Breckland Council allows farm on ancient Peddars Way to keep pig units

A sign for the ancient Peddars Way. Picture: Matthew Usher.

A sign for the ancient Peddars Way. Picture: Matthew Usher. - Credit: Matthew Usher

A farm owner has won planning permission for four units to house pigs on their site despite concerns about the effect of increased traffic on an ancient pathway.

The retrospective application by Watering Farm, near Stow Bedon and Breckles, sought permission for four pig rearing units to house 4,600 pigs.

While the application raised concerns about increased agricultural traffic to the site, which is accessed via the 2,000-year-old Peddars Way, Breckland Council's planning committee believed it would be better environmentally for the pigs to be kept inside and so allowed the buildings to stay.

However, the approved application states that all pigs currently being kept outdoors – around 9,000 – must be removed and the farm's overall number of animals must stay below 7,000.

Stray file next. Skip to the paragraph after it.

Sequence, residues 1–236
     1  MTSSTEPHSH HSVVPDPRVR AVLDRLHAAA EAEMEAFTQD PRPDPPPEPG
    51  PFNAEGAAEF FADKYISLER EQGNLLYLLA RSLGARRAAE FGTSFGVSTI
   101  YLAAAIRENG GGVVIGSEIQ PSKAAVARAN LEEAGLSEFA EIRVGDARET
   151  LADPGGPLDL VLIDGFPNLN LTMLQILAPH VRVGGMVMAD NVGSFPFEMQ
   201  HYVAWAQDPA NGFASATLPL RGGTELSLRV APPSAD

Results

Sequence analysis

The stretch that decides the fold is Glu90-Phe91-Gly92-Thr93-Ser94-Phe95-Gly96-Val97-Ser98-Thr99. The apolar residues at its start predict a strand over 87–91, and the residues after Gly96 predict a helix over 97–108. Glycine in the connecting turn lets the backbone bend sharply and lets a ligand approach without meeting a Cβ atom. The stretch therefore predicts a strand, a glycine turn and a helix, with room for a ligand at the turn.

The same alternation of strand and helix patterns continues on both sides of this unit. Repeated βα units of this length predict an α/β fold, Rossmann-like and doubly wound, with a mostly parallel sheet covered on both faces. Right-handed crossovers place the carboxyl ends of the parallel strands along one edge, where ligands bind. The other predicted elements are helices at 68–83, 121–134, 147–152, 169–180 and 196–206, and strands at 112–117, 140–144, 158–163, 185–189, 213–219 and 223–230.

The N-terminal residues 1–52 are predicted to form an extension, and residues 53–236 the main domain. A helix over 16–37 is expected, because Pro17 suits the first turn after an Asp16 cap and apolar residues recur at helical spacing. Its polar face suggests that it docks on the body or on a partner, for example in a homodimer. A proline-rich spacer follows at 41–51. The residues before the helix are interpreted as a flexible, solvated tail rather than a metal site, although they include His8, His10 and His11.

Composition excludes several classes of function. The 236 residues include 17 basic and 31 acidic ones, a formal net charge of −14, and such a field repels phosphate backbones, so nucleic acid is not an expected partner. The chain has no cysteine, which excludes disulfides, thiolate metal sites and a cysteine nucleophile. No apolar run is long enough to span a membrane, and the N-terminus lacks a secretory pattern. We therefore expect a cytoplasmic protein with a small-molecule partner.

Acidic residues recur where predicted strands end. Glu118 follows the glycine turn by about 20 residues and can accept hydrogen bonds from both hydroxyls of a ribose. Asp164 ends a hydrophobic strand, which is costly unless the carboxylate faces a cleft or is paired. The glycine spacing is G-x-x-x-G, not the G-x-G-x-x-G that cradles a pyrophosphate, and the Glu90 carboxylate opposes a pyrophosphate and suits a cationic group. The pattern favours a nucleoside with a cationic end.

Strong objections were raised by parish councils including Stow Bedon and Breckles, Wretham and Great Hockham. Norfolk Wildlife Trust and the RSPB had also objected.


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Julian Gibson, clerk for Stow Bedon and Breckles, said: 'My council did everything it could to get Breckland to refuse the application, but they were not successful.'

Philip Cowen, Breckland councillor for All Saints and Wayland, said communities around the Peddars Way had seen a 'considerable fall off' in walkers using the route since the units were built at Watering Farm and agricultural traffic increased.

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'The Peddars Way has been completely changed,' he said. 'If your business is accessing its site via an ancient pathway, it brings with it different responsibilities.'

He said the decision to limit the number of pigs the farm could keep would bring vehicle movements on the Roman track down from 9,000 per year to 1,100, adding: 'We had to find a way to protect an asset which runs through our district.'

Traditional Norfolk Poultry is also accessed by the Peddars Way and has been accused of contributing to its erosion. The farm had a retrospective application for three poly-tunnels refused by Breckland Council in 2013.

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